A gnome is a mythical creature characterized by its small stature and subterranean lifestyle. According to Paracelsus, gnomes are the most important of the elemental spirits of the earth element, and they move as easily through the earth as humans walk upon it. The sun's rays turn them into stone. In other traditions, they are simply small, mischievous sprites or goblins. Some sources claim they spend the daytime as toads instead of in stone.
Often featured in Germanic fairy tales, including those by the Brothers Grimm, the gnome often resembles a gnarled old man living deep underground and guards buried treasure. Because of this, Swiss bankers are sometimes disparagingly referred to as the Gnomes of Zurich. Gnomes feature in the legends of many of central, northern and eastern European lands by other names: a kaukis is a Prussian gnome, and barbegazi are gnome-like creatures with big feet in the traditions of France and Switzerland. In Iceland, gnomes (vættir) are so respected that roads are re-routed around areas said to be inhabited by them. Further east, tengu are sometimes referred to as winged gnomes.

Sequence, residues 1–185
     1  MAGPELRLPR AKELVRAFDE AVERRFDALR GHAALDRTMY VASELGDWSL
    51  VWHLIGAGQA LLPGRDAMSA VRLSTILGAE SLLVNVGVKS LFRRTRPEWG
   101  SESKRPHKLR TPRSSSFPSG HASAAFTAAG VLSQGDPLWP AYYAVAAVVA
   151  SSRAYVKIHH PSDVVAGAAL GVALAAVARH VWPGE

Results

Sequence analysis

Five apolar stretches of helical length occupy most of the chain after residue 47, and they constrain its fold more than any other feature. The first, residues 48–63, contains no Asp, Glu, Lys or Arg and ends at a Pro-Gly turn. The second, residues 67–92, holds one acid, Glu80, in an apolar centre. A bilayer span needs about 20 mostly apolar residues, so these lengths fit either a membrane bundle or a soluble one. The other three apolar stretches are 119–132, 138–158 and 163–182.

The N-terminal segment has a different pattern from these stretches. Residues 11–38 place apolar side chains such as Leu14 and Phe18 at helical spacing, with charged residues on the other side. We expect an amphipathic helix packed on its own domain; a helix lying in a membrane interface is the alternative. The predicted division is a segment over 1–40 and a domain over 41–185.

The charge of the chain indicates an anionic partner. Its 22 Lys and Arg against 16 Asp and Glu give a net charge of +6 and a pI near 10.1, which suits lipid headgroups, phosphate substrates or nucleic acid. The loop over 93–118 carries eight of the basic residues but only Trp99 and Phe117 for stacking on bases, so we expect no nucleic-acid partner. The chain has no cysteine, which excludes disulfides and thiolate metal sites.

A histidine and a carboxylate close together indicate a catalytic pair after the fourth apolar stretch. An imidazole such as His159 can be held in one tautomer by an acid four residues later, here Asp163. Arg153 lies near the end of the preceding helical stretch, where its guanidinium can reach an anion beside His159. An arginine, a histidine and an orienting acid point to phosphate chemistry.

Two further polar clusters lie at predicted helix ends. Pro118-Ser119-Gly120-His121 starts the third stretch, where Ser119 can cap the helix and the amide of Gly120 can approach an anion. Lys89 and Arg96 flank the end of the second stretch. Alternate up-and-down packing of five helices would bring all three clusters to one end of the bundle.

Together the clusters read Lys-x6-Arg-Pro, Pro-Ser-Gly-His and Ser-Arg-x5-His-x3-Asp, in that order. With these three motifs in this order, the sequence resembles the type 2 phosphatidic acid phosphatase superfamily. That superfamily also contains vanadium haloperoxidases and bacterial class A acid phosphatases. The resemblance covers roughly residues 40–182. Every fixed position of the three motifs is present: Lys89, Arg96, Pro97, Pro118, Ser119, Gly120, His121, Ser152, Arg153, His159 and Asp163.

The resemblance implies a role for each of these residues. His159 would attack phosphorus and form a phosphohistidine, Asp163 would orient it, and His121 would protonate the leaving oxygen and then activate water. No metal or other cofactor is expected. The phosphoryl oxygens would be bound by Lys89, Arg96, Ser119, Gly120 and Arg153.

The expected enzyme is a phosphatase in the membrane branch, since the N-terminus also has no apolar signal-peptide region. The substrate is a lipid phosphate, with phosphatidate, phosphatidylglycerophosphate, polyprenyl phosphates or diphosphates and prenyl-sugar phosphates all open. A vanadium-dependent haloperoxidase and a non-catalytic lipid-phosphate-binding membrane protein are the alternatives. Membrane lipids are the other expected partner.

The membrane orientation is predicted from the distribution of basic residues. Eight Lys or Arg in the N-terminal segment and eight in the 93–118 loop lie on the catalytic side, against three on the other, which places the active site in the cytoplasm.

Individual gnomes are not very often detailed or featured as characters in stories, but in Germanic folklore, Rubezahl, lord over the underworld, was sometimes referred to as a mountain gnome. According to some traditions, the gnome king is called Gob.
Rudolf Steiner, and other theosophists before him, lectured at length on gnomes, and especially their supportive role in the development of plant life (and biodynamic agriculture). Rupert Sheldrake has written a good deal about morphogenic fields, an idea Terry Pratchett used in his Discworld books many times.
The word "gnome" is said to derive from the New Latin gnomus and ultimately from the Greek gnosis, meaning knowledge. According to myth, gnomes hoarded secret knowledge just as they hoarded treasure.
- Wikipedia (2005). Gnome (http://en.wikipedia.org/wiki/Gnome). Retrieved Nov 18 2005